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Hands On: LG L7, L5, and L3

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Feb 26, 2012, 2:21 PM   by Eric M. Zeman

LG this week outed the L Series, a lower-cost batch of phones that aren't supposed to skimp on style in order to reach their affordable prices. Did LG succeed?

source: LG


The L7 is clearly the best of this trio of Android smartphones from LG. It's display is far superior to the others, as is its overall fit, finish, and materials.

It's a rather blocky phone, with pronounced corners. It is pleasantly light, though, and is comfortable to hold on to. I like the pattern on the battery cover and the controls all worked well and didn't get in the way of usability. It looks rather simple, but the hardware "Home" button at the bottom us really easy to find/use and that makes me happy.

Since the L7 is an Android 4.0 phone, it only needs three buttons, so there are two capacitive buttons on either side of the physical home key. They worked well, too.

LG L7  

This display looks excellent. It's not quite as spectacular as the display of the 4X HD, but it isn't far off, either. It's very bright, clear, and razor sharp. The colors really pop. The photos I saw and videos I watched looked great, especially some HD content that was stored on the phone.

The L7 may be stuck with a dual-core processor, but it was powerful enough so that the user interface was quick. I didn't notice any lag or stuttering when switching between apps and screens.

Speaking of the user interface, the L7 has only the slightest of skins from LG and overall feels clean and free of clutter.

It's a decent little phone, though LG hasn't said if it might show up on any U.S. carrier shelves.


The L5 is a step down from the L7 in pretty much every respect. It is smaller, has a smaller, lower-rez display, isn't quite as pretty, and feels slightly cheaper.

It's a monoblock phone and has an OK feel in the hand. It, too, has pointy corners, but still manages to sit in the hand OK. I found the power/screen lock button to be good, but the volume toggle was a bit soft. The L5 also has a physical home button and capacitive back and menu keys to either side.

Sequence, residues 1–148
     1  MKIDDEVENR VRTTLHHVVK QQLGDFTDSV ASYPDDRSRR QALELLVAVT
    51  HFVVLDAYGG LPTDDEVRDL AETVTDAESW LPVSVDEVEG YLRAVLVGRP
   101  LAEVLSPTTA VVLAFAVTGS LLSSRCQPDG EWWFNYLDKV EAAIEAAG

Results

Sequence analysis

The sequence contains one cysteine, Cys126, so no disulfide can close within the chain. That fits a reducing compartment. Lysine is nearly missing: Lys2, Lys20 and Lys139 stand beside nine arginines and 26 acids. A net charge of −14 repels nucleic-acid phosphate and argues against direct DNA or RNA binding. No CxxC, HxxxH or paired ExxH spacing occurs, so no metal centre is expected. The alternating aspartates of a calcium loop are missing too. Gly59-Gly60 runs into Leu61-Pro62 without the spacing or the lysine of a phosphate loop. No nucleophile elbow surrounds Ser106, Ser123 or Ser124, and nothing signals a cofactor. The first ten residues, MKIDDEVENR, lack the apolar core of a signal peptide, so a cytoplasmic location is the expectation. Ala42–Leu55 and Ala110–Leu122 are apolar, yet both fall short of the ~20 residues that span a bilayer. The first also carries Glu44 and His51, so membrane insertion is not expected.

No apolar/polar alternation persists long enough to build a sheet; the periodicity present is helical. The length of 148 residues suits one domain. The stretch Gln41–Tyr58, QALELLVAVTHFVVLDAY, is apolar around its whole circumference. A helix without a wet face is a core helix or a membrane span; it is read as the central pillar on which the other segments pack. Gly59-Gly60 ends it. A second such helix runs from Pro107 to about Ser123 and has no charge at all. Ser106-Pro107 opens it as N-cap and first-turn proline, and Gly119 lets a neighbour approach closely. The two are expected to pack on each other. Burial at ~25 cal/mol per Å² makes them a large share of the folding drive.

LG L5  

The display is what you'd expect from a middle-of-the-road device. It looks good, but doesn't necessarily take your breath away — at least as far as resolution is concerned. It is still plenty bright and colorful.

The user interface is Android 4.0 and the same user interface treatment from LG. I didn't notice and performance problems with the L5 in the time I spent with it. There are some LG-branded applications, but no operator software is on board.

For the consumer who wants a mid-range handset, the L5 could be a contender, though I've see better devices in this segment.


The L3 brings up the rear in LG's recent announcements. Everything about it screams "entry-level." Not that there's anything wrong with inexpensive smartphones, but this is clearly a case of getting what you pay for.

The L3 is more compact than the L7 or L5, probably by 20 or 25%. With a much smaller footprint, it is easier to hold onto and carry about. The materials are not all that great, but the build quality was fine. I liked the feel in the hand for the most part.

LG L3  

The display is quite cruddy. At this point, it is hard to look at 360 x 480 displays and be pleased. The pixels are so obvious they nearly poke you in the eye. It's not that bright, either, and the colors are a bit muted.

The L3 also runs Android 2.3 instead of Android 4.0. With Android 2.3 and LG's older user interface, it felt a little bit slow and laggy.

That's it as far as LG is concerned.

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About the author, Eric M. Zeman:

Eric has been covering the mobile telecommunications industry for 17 years at various print and online publications. He studied at Rutgers Newark and University of Kentucky, and has a degree in writing. He likes playing guitar, attending concerts, listening to music, and driving sports cars.

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